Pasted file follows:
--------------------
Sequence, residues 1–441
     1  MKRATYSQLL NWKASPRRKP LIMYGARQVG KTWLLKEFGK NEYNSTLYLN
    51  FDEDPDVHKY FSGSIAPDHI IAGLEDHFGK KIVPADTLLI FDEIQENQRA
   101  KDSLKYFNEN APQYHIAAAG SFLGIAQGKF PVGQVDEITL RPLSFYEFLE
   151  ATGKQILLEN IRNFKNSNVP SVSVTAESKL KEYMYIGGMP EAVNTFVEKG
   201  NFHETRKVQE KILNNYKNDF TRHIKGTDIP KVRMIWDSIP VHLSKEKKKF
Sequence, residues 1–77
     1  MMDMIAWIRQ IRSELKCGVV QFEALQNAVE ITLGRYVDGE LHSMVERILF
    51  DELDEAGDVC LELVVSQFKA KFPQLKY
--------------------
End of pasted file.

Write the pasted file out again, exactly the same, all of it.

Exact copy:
Sequence, residues 1–441
     1  MKRATYSQLL NWKASPRRKP LIMYGARQVG KTWLLKEFGK NEYNSTLYLN
    51  FDEDPDVHKY FSGSIAPDHI IAGLEDHFGK KIVPADTLLI FDEIQENQRA
   101  KDSLKYFNEN APQYHIAAAG SFLGIAQGKF PVGQVDEITL RPLSFYEFLE
   151  ATGKQILLEN IRNFKNSNVP SVSVTAESKL KEYMYIGGMP EAVNTFVEKG
   201  NFHETRKVQE KILNNYKNDF TRHIKGTDIP KVRMIWDSIP VHLSKEKKKF
Sequence, residues 1–77
     1  MMDMIAWIRQ IRSELKCGVV QFEALQNAVE ITLGRYVDGE LHSMVERILF
    51  DELDEAGDVC LELVVSQFKA KFPQLKY